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September 4, 2012 at 8:00 AMComments: 0 Faves: 0

How Sheltered Animals' Lives are Saved and Inmates Lives are Turned Around

By Victoria Swanson More Blogs by This AuthorFrom the Paws & Awws Blog Series

Many lost, abandoned, and forgotten pets have been saved from being euthanized with new programs that match a sheltered dog with an inmate to undergo intense training to service a disabled person or to be adopted out by a loving new forever home. Through the Humane Society of the United States (HSUS) and local correctional institutes, there is a new way to help sheltered animals have a second chance at life. Not only do these wonderful dogs get a second chance, many inmates are experiencing their second chance as well to give back to a society that they once stole from.

Getting Ready for Adoption

Many correctional facilities like Dixon Correctional Institute (DCI) in Jackson, LA are working hard in providing a place for unwanted or lost animals a place to reside until they can be adopted out. Their program is called Pen Pals, Inc. Animal Shelter.

Inmates that work with these animals under the guidance of a certified veterinarian and technician learn patience, love, and how to treat another living being with respect. The inmates in this particular program are non-violent offenders that are allowed to participate in programs like this.

They teach the dogs basic commands such as, sit, down, come, and stay. They also work to curb unwanted behaviors like jumping and barking. Potty training and leash walking is also part of these dogs and inmates curricular program. With the inmate's hard work, many of these animals are rehabilitated so they can be adopted out to their forever home.

Helping the Disabled

There are also programs that help train service dogs to assist with the disabled. Whether it is a child or an adult that is wheelchair bound, has autism, or even a veteran suffering from Post Traumatic Stress Disorder (PTSD), these dogs are being trained to help those in need.

The inmates work with puppies from a special group of dogs that were specifically bred to be service dogs. They teach the puppies special exercises that they will use to perform when servicing a disabled person.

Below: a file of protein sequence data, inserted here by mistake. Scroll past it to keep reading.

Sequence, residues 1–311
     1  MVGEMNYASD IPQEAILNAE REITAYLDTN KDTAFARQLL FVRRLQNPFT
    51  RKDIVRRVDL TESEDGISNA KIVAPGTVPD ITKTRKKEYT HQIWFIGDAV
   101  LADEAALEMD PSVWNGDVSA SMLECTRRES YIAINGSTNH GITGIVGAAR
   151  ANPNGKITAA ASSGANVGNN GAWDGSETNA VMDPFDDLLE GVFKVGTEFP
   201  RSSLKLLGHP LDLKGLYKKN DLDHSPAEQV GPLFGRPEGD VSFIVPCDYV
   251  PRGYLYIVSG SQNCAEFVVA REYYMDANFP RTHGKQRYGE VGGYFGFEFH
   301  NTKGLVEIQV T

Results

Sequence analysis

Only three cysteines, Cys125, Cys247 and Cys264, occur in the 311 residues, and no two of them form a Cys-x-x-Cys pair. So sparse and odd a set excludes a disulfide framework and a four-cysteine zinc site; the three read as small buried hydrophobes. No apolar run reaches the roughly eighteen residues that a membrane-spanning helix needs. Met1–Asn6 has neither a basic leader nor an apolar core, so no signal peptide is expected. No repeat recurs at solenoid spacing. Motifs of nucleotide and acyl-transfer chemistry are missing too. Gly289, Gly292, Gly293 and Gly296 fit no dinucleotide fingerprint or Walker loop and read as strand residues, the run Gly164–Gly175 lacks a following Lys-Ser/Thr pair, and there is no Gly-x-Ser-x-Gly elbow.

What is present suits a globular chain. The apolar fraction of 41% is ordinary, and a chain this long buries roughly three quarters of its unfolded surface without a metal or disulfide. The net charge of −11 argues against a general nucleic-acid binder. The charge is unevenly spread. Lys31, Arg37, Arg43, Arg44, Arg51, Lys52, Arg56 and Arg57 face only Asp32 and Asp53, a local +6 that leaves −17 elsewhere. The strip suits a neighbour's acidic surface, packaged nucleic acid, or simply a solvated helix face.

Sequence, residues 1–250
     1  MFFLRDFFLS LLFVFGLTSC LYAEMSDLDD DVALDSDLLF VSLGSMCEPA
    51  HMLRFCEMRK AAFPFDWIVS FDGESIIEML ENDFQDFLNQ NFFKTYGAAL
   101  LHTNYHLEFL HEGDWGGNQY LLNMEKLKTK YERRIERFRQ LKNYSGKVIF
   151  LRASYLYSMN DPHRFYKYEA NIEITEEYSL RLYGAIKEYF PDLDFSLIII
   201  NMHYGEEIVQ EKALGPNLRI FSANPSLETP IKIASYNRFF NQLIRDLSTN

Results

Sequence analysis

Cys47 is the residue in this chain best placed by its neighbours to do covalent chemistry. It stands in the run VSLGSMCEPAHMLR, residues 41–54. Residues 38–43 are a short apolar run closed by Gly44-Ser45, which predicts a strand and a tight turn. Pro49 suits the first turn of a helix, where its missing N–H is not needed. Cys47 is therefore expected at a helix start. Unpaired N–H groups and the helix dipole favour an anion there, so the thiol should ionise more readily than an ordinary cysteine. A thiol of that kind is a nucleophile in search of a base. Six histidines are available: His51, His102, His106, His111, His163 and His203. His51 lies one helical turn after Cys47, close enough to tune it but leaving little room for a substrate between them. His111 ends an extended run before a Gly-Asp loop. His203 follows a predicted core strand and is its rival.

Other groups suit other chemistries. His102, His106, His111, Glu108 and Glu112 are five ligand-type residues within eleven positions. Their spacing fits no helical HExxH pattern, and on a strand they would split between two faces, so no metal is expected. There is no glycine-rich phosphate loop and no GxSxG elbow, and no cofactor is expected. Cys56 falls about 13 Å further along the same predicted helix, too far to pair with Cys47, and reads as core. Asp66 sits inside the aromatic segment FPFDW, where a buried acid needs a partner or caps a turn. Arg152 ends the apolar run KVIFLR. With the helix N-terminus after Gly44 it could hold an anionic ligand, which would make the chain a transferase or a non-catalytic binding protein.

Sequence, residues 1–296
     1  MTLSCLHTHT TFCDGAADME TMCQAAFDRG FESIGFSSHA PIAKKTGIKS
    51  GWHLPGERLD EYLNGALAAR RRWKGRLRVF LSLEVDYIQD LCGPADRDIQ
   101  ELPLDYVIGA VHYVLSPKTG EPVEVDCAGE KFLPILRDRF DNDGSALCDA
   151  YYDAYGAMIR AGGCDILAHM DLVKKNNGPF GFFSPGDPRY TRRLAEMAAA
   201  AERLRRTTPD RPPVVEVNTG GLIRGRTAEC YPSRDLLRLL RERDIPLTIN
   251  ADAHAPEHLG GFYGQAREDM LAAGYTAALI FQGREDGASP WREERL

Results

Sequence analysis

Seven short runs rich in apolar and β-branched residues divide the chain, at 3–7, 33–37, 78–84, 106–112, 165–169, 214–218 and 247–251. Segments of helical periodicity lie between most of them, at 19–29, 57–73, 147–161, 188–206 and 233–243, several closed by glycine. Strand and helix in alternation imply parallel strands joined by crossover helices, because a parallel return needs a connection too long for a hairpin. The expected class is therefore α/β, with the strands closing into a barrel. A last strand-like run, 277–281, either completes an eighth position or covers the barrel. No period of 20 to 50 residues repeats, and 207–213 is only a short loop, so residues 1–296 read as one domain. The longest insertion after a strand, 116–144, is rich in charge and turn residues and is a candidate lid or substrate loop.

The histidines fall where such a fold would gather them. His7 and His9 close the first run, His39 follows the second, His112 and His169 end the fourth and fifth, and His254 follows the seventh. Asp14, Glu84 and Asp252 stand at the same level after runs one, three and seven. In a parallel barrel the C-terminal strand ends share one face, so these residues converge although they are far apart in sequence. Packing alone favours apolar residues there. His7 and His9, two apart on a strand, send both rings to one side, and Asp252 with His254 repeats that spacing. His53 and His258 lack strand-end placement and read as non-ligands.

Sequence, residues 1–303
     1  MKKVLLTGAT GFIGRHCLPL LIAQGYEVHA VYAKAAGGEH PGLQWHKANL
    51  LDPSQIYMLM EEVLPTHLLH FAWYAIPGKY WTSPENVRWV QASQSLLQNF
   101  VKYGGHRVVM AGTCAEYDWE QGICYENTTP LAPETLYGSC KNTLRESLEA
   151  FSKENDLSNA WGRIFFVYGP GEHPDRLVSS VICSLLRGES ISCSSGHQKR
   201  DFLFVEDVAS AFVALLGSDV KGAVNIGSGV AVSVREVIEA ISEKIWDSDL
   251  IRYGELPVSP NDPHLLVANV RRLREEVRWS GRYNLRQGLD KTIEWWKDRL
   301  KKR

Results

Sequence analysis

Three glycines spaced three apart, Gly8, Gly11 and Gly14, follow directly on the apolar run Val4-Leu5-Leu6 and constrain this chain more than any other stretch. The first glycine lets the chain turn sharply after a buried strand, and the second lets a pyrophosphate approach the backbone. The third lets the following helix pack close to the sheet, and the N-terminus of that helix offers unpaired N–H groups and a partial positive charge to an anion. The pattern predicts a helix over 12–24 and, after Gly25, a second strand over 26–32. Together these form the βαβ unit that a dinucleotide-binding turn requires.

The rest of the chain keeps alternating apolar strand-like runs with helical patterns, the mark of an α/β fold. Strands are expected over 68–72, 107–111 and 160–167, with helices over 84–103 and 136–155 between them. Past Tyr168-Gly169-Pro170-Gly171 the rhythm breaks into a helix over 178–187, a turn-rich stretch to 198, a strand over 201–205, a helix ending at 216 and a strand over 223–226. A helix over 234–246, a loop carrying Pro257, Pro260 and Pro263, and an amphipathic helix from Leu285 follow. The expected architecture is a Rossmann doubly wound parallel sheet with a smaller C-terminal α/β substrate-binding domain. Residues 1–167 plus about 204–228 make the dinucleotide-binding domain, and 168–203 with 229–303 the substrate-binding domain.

Typically, the dog lives with the inmate in their cell around the clock, so they can learn routines and schedules for 18 months.

Special program-directed trainers come in and work with the inmates and dogs to teach them the skills that are required and needed to be a service dog. Once these puppies complete the program they are used for either a service/guide dog or law enforcement.

The average cost to purchase a service dog can be as high as $20,000 - $60,000. With the inmate programs, the price is miniscule in comparison.

How much do these programs cost?

The programs are offered through a non-profit organization, so the cost is covered by that particular organization. Also, grants are often given to these programs to help subsidize the cost.

A majority of prisons contribute by offering fenced in yards and sometimes a separate area for inmates and the dogs. Some prisons will use their "prisoner benefit fund" to help pay for training books and other pet related necessities.

Do Inmates really benefit from this type of program?

Yes, they do. When an inmate is given responsibility of another living being it helps them learn to give back to society instead of taking. Prisoners have time on their hands and that is exactly what shelters and service dogs need; volunteers that can dedicate time, hours, and consistency with shelters and service dog programs.

These programs only allow minimal to medium security facilities to participate. Many programs require a certain criteria for a prisoner to meet in order to participate such as: no abuse towards a child, dependent, or animal, be "misconduct free" for six months to a year, have a GED or high school diploma, and be at least two years away from their release date.

By helping others, the inmates are gaining a different perspective on life. Contrary to what we may think, the programs main focus is not the dogs, but the inmates. With proper guidance, relationship, and skill building many inmates leave prison to go to school to be a vet tech, dog groomer, or some other animal related profession. They leave with confidence and as a contributor to society.

This truly is a Win-Win program for both dogs and inmates.

Resources:

HSUS Prison Animal Shelter

Urban Dog Magazine

Ann Arbor News - Michigan Paws Helps Shelter Dogs Prisoners

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